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Teen activist flees to the UK

Updated: Apr 30, 2021

How a Hong Kong protester became one of the territory's youngest exiles

“I was very worried about being caught at the airport," the teenager said. “But on the flight, I finally felt safer and the most relaxed in a long time.”

This interview first appeared online courtesy of NBC News, 18 April 2021. [1]

HONG KONG - For more than a year, the teenager's weekends were dominated by marches, during which she chanted protest slogans, built barricades and dodged tear gas shells, returning to her home in Hong Kong in the evenings covered in bruises and scratches.

As Beijing intensified its crackdown on pro-democracy lawmakers and students activists over the last year, however, participating in the protests became increasingly dangerous. And in December, the 15-year-old known to journalists and fellow protesters simply as "Aurora" boarded a plane to London, the ticket paid for by an anonymous Hong Kong activist.

The decision to seek political asylum in the United Kingdom has made her one of Hong Kong's youngest exiles.

"I was very worried about being caught at the airport for seeking asylum in the U.K.," the teen, who requested anonymity out of fear that her family would be punished because of her involvement in protests, told NBC News. "But on the flight, I finally felt safer and the most relaxed in a long time."

Hong Kong police were often seen to target young people, anywhere, anytime.

Her political awakening occurred in June 2019, after an estimated 1 million demonstrators took to the streets to protest an extradition bill that would have allowed Hong Kong residents accused of offenses to be sent to mainland China to stand trial.

Three days later, on June 12, she and her classmates attended a second rally in a busy commercial district, which devolved into one of the most violent demonstrations Hong Kong has seen in decades. Police fired rubber-coated bullets, tear gas and pepper spray at demonstrators. Some protestors attacked officers and hurled Molotov cocktails at them.

She said she was impressed by the activists' solidarity.

"I had always thought Hong Kongers are cold to each other, but their unity deeply moved me, and made me burst into tears," she said.

From then on, she became more politically engaged, reading the news everyday, and she formed close bonds with her fellow demonstrators.

"I feel like protesters are more like my family, and they understand me better than my own," said the teenager, who added that her mother disapproved of her daughter's activism. Her parents are divorced and she is estranged from her father.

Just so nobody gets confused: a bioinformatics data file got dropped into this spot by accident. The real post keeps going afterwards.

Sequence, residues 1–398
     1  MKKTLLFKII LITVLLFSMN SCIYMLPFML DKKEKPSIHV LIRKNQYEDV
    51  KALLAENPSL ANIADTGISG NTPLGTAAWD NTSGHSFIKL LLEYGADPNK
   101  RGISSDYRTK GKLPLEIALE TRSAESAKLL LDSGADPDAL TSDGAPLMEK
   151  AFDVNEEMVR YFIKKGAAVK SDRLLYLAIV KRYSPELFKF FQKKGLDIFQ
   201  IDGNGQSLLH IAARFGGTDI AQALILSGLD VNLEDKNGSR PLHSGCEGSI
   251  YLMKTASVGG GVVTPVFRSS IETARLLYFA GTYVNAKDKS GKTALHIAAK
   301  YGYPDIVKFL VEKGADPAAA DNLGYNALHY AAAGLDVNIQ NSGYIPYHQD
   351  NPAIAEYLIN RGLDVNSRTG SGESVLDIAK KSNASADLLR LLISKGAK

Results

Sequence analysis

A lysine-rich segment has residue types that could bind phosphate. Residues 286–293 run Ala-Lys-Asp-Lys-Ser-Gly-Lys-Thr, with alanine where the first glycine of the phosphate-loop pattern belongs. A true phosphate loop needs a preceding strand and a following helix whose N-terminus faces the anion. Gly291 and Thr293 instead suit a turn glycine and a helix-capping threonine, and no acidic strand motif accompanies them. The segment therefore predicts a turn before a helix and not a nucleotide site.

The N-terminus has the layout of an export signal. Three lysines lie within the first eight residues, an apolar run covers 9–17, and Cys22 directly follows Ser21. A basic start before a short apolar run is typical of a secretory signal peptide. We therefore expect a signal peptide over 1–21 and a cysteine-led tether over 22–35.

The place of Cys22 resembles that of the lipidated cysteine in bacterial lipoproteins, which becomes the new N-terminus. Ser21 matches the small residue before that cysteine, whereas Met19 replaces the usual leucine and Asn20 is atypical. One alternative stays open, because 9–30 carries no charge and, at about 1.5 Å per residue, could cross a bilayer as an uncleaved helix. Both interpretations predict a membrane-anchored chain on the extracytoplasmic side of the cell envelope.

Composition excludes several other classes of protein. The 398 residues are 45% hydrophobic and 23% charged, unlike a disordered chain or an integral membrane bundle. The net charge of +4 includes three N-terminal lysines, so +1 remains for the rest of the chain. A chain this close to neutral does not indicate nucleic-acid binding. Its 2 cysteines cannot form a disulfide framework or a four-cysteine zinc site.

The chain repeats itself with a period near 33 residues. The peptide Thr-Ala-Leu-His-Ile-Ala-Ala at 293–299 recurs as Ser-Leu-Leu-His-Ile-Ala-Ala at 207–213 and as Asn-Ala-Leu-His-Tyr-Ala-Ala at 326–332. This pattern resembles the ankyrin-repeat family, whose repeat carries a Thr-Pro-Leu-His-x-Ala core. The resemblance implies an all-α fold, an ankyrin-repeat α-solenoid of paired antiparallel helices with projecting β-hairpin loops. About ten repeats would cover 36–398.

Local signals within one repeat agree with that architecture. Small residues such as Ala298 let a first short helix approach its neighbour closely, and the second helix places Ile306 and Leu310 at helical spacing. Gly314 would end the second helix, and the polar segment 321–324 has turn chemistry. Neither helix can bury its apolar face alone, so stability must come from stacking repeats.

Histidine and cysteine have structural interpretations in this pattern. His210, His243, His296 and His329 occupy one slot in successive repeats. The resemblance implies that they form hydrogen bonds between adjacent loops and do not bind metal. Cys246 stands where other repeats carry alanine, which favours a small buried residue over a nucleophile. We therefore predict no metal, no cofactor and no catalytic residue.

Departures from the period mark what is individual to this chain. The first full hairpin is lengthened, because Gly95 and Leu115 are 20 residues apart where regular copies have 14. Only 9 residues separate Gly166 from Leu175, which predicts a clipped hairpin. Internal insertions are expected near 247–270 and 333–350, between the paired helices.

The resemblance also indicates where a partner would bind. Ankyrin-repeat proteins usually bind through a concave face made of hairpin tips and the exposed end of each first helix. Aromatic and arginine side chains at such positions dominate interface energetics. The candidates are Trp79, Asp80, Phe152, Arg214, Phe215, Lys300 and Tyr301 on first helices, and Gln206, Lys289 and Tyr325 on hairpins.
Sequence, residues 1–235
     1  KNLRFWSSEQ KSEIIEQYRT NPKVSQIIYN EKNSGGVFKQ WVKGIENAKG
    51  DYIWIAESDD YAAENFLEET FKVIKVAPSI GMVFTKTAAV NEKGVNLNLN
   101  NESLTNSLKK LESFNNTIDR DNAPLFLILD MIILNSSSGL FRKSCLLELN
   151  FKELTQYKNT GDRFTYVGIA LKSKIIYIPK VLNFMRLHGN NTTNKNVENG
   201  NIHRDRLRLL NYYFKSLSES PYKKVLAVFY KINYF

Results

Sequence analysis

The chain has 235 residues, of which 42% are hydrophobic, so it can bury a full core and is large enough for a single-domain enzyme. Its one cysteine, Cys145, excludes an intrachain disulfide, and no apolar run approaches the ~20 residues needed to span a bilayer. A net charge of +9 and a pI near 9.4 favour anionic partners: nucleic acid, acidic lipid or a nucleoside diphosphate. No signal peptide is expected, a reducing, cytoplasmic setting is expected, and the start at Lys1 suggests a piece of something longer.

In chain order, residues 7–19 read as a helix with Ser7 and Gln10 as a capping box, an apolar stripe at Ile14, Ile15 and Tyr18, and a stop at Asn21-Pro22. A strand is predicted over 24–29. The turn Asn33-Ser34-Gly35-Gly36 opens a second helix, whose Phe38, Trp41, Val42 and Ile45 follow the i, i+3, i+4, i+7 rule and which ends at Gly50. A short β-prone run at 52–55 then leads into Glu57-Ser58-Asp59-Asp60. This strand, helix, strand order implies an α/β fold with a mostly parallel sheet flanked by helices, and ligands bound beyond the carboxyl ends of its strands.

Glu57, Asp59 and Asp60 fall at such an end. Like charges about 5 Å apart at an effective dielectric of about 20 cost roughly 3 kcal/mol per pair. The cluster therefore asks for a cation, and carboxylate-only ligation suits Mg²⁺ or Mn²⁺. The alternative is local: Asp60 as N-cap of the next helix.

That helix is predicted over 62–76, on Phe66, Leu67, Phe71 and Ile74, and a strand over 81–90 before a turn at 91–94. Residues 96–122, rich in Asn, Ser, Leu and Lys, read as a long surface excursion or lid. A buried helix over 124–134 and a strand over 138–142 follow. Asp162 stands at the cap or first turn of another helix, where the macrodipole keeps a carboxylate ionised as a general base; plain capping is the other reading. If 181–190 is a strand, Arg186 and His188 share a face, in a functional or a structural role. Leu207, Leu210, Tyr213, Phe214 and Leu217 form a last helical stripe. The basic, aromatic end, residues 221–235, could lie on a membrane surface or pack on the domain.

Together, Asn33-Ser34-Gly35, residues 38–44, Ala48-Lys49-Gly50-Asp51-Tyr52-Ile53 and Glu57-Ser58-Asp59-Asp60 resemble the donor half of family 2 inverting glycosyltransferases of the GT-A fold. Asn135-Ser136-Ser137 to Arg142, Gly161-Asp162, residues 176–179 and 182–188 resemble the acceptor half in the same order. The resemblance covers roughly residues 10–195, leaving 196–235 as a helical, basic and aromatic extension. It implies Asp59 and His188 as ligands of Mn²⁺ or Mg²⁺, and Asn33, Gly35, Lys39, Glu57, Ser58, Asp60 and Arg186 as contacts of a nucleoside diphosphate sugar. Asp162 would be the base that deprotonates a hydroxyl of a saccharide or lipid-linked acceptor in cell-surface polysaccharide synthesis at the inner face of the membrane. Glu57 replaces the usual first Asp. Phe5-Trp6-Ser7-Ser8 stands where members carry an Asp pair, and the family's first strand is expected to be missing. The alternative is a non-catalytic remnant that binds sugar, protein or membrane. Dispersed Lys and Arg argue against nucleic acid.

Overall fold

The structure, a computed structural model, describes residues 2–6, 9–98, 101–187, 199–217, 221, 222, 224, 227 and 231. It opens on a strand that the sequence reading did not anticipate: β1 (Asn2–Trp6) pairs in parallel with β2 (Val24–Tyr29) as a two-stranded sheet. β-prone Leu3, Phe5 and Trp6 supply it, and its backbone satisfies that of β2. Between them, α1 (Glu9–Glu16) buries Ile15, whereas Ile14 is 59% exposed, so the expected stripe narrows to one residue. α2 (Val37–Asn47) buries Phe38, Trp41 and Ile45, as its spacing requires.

Huge ensuing demonstrations were fueled by fears that residents were losing their rights and independent judicial system amid an erosion of the region's "one country, two systems" agreement set up when Britain handed its colony back to China in 1997.

Riot police detain a woman as protesters gather at Sha Tin Mass Rapid Transit Railway station on 25 September 2019.

On June 30 last year [2020], a contentious national security law came into effect, which criminalizes actions Beijing considers to involve subversion, seccession, collusion with foreign forces or terrorism.

Arrests of pro-democracy lawmakers and student activists have become more frequent since the law was implemented.

In October [2020], Tong Chung, 19, the former leader of a pro-independence student group, was arrested and became the first high-profile political figure to be charged under the national security law. If convicted, he faces a potential sentence of life in prison. More recently, in March [2021], 47 pro-democracy politicians were arrested under the new law, the largest crackdown on the [democracy] movement to date.

On Friday, nine leading pro-democracy advocates were sentenced to jail for organizing a march during the 2019 protests that griggered a crackdown from Beijing.

The United States and other countries have slapped sanctions on Chinese officials over the crackdown in Hong Kong, with Washington labeling their actions an "assault on democracy."

Beijing has countered that its actions in Hong Kong defend its national sovereignty and has called on other countries to "stop interfering" in its domestic affairs.

Larry Lai, a lecturer in the Department of Politics and Public Administration at the University of Hong Kong, said that young protesters tended to want to leave Hong Kong mainly for security reasons.

"The national security law and how it is enforced justifies their worries," he said.

The U.K., in particular, has been an attractive destination, due to its close ties with Hong Kong. In July, it announced a new visa program providing a special pathway for British National Overseas, or BNO, passport holders to resettle in the country, with a fast-track to citizenship. Nearly 3 million Hong Kongers have been offered refuge and a possible path to U.K. citizenship, British Prime Minister Boris Johnson said in June.